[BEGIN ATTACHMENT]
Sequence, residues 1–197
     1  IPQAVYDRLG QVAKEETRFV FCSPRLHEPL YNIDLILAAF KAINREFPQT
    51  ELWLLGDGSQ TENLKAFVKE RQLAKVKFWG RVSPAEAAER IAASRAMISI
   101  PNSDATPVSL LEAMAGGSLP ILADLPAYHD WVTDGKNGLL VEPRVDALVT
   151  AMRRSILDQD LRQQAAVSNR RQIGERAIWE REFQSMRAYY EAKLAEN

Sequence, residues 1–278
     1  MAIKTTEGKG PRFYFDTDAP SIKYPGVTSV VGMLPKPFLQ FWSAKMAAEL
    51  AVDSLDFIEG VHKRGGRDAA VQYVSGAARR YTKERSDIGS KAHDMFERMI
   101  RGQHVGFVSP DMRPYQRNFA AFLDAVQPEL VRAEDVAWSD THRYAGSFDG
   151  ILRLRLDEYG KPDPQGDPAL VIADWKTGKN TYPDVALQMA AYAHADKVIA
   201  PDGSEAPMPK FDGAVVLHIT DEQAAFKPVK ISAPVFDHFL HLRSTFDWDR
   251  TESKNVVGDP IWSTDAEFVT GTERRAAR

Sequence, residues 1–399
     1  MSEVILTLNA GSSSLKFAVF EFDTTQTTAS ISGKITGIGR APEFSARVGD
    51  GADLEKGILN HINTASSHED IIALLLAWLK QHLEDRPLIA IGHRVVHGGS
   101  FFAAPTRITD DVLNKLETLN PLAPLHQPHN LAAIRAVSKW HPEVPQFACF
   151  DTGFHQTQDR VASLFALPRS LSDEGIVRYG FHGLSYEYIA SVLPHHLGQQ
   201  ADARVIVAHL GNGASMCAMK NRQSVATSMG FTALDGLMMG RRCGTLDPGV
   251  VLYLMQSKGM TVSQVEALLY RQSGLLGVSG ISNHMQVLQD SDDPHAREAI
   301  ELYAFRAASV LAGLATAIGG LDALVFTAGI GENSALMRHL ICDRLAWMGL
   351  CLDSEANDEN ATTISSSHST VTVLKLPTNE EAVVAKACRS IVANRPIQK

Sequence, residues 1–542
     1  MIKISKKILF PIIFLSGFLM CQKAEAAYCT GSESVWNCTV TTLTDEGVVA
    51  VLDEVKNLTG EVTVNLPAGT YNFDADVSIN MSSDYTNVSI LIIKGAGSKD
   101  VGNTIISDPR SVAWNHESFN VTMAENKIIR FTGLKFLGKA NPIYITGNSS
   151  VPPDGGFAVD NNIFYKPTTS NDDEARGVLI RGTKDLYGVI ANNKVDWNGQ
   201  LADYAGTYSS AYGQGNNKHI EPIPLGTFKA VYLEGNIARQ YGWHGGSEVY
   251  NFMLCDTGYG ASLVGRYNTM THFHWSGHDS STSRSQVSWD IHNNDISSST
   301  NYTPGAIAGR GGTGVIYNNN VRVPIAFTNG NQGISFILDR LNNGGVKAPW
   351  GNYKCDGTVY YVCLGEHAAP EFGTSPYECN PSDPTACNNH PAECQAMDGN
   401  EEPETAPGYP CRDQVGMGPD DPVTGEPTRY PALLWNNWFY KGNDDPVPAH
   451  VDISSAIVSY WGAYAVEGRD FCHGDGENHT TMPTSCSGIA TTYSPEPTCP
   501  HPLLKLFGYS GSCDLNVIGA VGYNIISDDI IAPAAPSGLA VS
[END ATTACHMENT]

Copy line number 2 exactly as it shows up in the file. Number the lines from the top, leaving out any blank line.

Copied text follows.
     1  IPQAVYDRLG QVAKEETRFV FCSPRLHEPL YNIDLILAAF KAINREFPQT